May 16, 2012

Gillibrand, Bipartisan Senate Women Call on Boehner to Pass Senate’s Violence Against Women Act

13 Women Senators call on Speaker to honor VAWA’s bipartisan history by taking up Senate-passed bill that strengthens protections for all women

(Washington, D.C.) – Today, U.S. Senator Kirsten Gillibrand joined a bipartisan coalition of 13 Women Senators called on House Speaker John Boehner to pass the bipartisan, Senate-passed version of the Violence Against Women Act. In their letter, the Senators noted that the Senate reauthorization honors the bipartisan history of the bill by strengthening protections for all victims of domestic violence. The House version of the bill, which is scheduled to be voted on today, excludes many of the additional protections included in the Senate bill. The Senate version of VAWA reauthorization passed by a vote of 68-31 on April 26th.

We urge you to give an up-or-down vote to the Senate’s bipartisan VAWA Reauthorization Act,” the Senators wrote to Boehner. “Throughout its history, VAWA has been a bipartisan solution to an urgent national challenge. That’s why its reauthorization is endorsed by over 500 state and local organizations and 47 attorneys general. It was enacted with broad bipartisan support, has been reauthorized twice with unanimous Senate approval, and last month the Senate passed its reauthorization on a strong bipartisan vote.”     

Letter was also signed by Senators Patty Murray (D-WA), Barbara Mikulski (D-MD), Dianne Feinstein (D-CA), Barbara Boxer (D-CA),  Mary Landrieu (D-LA), Debbie Stabenow (D-MI), Maria Cantwell (D-WA), Lisa Murkowski (R-AK), Claire McCaskill (D-MO), Amy Klobuchar (D-MN), Jeanne Shaheen (D-NH), and Kay Hagan (D-NC).  

Below’s full text of the letter sent today to Speaker Boehner:

Dear Speaker Boehner: 

A commitment to saving the lives of women and victims of domestic violence should be above politics. Since being enacted in 1994, the Violence Against Women Act (VAWA) has developed a long track record of protecting women and reducing the incidence of domestic violence by providing critical support to law enforcement and services for victims. In order to further combat domestic violence and sexual assault, we urge you to give an up-or-down vote to the Senate’s bipartisan VAWA Reauthorization Act.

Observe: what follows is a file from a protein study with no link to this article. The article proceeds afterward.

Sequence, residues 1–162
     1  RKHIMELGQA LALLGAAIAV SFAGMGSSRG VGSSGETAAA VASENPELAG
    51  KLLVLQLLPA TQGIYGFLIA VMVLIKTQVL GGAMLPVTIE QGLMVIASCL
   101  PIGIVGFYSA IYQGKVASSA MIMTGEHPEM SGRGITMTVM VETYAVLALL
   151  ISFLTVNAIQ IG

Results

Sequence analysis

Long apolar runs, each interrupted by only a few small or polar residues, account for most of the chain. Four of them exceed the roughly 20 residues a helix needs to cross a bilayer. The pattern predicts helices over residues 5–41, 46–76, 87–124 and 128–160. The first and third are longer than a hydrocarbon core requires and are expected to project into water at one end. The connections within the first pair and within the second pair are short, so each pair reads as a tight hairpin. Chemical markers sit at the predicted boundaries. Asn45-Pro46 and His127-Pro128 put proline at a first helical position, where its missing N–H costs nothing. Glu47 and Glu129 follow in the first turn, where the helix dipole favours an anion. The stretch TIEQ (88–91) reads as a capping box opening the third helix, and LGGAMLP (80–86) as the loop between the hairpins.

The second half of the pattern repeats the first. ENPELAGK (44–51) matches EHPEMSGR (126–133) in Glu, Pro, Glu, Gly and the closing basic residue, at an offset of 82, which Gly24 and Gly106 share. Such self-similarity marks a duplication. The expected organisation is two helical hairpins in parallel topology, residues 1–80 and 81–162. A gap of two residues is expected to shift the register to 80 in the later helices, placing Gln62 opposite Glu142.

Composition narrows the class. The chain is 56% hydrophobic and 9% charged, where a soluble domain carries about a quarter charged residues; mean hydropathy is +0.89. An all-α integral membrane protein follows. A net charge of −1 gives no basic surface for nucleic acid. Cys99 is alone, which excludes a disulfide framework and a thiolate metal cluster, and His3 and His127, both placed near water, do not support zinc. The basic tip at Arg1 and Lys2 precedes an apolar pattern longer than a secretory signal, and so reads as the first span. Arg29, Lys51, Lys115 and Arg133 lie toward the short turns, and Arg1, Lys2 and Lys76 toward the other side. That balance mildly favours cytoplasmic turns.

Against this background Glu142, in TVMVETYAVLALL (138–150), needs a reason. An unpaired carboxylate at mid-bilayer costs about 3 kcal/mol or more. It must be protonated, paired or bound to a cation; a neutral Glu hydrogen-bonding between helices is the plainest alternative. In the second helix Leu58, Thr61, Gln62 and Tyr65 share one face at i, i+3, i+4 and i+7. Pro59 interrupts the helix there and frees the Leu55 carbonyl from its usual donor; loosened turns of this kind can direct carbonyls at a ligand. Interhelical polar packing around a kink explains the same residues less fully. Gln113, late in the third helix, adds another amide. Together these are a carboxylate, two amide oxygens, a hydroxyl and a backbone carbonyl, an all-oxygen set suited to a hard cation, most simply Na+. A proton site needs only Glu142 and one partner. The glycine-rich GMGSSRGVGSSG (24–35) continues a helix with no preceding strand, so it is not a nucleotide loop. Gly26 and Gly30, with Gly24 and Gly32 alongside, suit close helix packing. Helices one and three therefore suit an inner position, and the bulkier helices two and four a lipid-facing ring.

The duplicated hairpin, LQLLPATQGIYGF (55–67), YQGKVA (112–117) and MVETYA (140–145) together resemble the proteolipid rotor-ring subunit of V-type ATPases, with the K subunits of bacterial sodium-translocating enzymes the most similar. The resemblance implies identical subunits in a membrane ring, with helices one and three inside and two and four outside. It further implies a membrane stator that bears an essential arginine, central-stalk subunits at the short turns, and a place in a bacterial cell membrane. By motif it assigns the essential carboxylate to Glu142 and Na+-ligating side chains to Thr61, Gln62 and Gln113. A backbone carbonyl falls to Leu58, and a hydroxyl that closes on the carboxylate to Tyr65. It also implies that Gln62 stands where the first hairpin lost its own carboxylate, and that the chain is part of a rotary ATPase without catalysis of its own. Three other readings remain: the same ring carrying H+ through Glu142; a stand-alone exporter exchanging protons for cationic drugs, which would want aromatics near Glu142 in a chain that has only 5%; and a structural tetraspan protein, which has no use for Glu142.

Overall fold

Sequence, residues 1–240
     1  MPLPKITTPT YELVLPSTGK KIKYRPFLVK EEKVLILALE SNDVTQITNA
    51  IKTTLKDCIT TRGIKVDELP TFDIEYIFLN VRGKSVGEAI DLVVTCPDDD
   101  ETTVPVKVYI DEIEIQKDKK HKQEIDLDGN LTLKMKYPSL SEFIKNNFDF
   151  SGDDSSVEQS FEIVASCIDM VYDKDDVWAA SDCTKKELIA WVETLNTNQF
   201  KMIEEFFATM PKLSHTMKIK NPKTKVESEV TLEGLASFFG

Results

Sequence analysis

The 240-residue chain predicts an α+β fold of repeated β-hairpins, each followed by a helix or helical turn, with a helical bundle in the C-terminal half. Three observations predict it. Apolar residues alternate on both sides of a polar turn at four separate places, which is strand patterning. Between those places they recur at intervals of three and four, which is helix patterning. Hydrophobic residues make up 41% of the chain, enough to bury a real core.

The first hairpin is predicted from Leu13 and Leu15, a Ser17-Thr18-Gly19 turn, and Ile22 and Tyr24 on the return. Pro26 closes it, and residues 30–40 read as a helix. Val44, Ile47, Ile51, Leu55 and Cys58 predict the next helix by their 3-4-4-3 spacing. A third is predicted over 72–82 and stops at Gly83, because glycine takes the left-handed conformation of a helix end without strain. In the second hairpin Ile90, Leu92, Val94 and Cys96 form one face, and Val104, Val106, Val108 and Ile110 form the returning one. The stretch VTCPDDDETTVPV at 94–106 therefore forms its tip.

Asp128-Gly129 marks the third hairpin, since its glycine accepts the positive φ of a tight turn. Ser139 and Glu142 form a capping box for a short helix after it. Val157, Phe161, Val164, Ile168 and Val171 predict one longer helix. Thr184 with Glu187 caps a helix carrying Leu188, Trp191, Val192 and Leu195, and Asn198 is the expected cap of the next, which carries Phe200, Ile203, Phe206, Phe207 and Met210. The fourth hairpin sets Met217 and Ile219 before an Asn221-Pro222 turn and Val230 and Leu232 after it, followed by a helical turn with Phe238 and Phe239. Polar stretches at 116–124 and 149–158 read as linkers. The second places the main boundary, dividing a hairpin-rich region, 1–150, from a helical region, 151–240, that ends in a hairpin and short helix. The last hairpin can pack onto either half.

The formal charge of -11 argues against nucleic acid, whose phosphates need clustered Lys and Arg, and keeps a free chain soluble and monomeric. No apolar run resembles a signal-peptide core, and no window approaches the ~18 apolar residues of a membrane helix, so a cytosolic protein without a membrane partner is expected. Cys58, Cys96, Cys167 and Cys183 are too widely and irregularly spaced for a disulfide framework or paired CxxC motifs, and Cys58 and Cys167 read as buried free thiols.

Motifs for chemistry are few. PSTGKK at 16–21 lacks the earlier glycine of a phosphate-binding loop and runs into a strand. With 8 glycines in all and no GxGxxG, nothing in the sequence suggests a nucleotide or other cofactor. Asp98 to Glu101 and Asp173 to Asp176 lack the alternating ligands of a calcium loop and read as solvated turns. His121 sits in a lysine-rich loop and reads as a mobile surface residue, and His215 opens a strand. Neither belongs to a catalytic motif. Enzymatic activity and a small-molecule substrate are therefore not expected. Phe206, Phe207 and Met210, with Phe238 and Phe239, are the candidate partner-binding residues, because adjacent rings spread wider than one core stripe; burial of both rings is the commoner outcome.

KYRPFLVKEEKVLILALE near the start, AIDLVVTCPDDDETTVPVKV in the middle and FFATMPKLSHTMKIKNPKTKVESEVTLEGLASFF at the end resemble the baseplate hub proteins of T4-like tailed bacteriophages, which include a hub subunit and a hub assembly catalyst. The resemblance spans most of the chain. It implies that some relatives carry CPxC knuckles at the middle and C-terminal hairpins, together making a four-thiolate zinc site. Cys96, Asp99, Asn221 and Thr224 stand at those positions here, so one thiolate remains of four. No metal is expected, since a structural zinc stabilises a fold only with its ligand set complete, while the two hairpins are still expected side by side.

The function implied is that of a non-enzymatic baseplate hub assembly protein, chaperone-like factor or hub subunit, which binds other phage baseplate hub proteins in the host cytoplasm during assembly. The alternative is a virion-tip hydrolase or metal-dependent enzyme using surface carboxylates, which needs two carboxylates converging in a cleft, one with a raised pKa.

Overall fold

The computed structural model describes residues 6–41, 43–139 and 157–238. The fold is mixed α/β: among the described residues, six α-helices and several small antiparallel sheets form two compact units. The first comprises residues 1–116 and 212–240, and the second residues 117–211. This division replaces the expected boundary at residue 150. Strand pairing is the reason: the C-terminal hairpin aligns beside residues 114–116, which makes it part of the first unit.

We should not let politics pick and choose which victims of abuse to help and which to ignore. Each previous reauthorization substantially improved the way VAWA addressed the changing needs of domestic violence victims by addressing challenges facing older victims, victims with disabilities, and other underserved groups. The Senate’s bipartisan VAWA Reauthorization Act continues this tradition by placing greater emphasis on training for law enforcement and forensic response to sexual assault, and by strengthening protections for all victims regardless of where they live, or their race, religion, gender, or sexual orientation.

Throughout its history, VAWA has been a bipartisan solution to an urgent national challenge. That’s why its reauthorization is endorsed by over 500 state and local organizations and 47 attorneys general. It was enacted with broad bipartisan support, has been reauthorized twice with unanimous Senate approval, and last month the Senate passed its reauthorization on a strong bipartisan vote. We urge you to honor VAWA’s bipartisan history and affirm the House’s commitment to combating domestic violence by passing the Senate’s VAWA Reauthorization Act.     

 

Sincerely,

 

U.S. Senators Patty Murray (D-WA), Barbara Mikulski (D-MD), Dianne Feinstein (D-CA), Barbara Boxer (D-CA),  Mary Landrieu (D-LA), Debbie Stabenow (D-MI), Maria Cantwell (D-WA), Lisa Murkowski (R-AK), Claire McCaskill (D-MO), Amy Klobuchar (D-MN), Jeanne Shaheen (D-NH),  Kay Hagan (D-NC) and Kirsten Gillibrand (D-NY).